Lance Rock R.I.P.

Disclaimer–as my homie Vera points out, I should say that this is NOT the obituary of DJ Lance Rock, who has been hosting episodes of an amazing kids’ program for over six months now!  That guy has been on the L.A. scene for a while, deserves all the acclaim he’s getting, and deserves his own blog from me at some point in the near future. 

Michael Blodgett died today of a heart attack.  He was only in a couple movies, but some of them were my favorites–he played the phantom lover that Peter Fonda imagines to be seducing his ex-wife (Susan Strasberg) in The Trip, and he had a role in Catalina Caper, ridiculed in one of my favorite episodes of Mystery Science Theater 3000.

But more than anything (amongst my friends, anyway), he will be remembered for his role as Lance Rock, aka “Jungle Lad” in Beyond the Valley of the Dolls.  He’s got the “bedroom eyes” that seduce the singer of the Carrie Nations, but ends up getting “a head” of himself in the end.  I couldn’t find the “blade goes snicker snack” scene on YouTube, but here’s one of the most memorable quotes in a film full of memorable quotes:

 Seriously, this movie has better one-liners than Groucho Marx!

Anyway, besides putting in some awesome appearances in groovy films, apparently the dude hosted a teen beach/dance party show in 1967 called “Groovy” that had local bands on (as told by

The show went through several versions but its first and most notable period was when it was done from the beach and hosted by [this gent]…  His name was Michael Blodgett and he had a nice little acting career, which included the unforgettable Beyond the Valley of the Dolls before he moved on to considerable success as a novelist. He was a pretty good host on the Groovy show but I suspect even he would admit that he wasn’t the main appeal of the show. The main appeal was young ladies in very tiny bikinis — and by “young,” I mean sometimes fifteen or sixteen years of age, if that old.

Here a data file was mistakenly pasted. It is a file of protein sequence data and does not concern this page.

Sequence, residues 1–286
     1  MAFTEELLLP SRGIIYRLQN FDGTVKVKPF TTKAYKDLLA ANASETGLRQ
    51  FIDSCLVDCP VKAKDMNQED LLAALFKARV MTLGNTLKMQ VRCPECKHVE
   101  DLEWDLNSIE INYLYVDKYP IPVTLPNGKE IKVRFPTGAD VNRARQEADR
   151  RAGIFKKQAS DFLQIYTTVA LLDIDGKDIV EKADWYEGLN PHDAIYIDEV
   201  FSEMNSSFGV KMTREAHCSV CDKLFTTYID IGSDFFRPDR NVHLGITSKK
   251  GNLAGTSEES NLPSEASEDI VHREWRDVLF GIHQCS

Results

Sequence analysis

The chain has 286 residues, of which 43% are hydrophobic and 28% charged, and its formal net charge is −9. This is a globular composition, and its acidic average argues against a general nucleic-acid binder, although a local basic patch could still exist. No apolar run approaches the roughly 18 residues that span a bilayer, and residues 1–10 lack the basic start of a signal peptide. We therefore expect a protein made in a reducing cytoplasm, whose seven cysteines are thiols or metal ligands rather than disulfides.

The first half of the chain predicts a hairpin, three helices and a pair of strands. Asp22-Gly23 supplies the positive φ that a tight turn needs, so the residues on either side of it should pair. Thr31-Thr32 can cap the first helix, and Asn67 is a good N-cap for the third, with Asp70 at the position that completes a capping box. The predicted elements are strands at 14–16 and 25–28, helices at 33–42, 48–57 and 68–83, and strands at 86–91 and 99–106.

Much of the show was, of course, teens dancing to records. There was one real musical act each day…usually a group that would come on to pantomime/lip sync to their current record, which made for an odd sight. There would be these musicians acting like they were playing on the beach…with their amps and electric guitars plugged into absolutely nothing. Most records of that era ended with the track fading out and I guess the acoustics out there weren’t great insofar as hearing the playback was concerned. As a song drew to its close, you could see the performers become unsure if it was through so they’d keep “playing” and then one guy would stop and maybe another. And then you could tell someone had yelled, “It’s not over! Keep playing!” And they’d scurry back into mime mode. Very odd stuff.

I’d love to see some clips of this show–it sounds very “Back to the Beach!”  No wonder he was seen as a suitable addition to Catalina Caper.

 You gotta give it up for a man with this much pivotal sixties and seventies film stuff under his belt (he was even in an episode of Night Gallery!).  Suffice to say that this dude is the American Nicky Henson, and this fan mourns his passing.

P.S. Thanks to my girlfriend for the heads-up on this!  I’m still so stunned by Ike Turner’s death, I haven’t been checking the obituary columns with my normal ghoulish zeal.

 P.P.S. For some reason, today I’m loving! the! exclamation! points!!!


Oklahoman by birth. Angeleno by fate. I've been in half a dozen bands and own 25 cubic feet of old records. Thank God for Ikea shelves.

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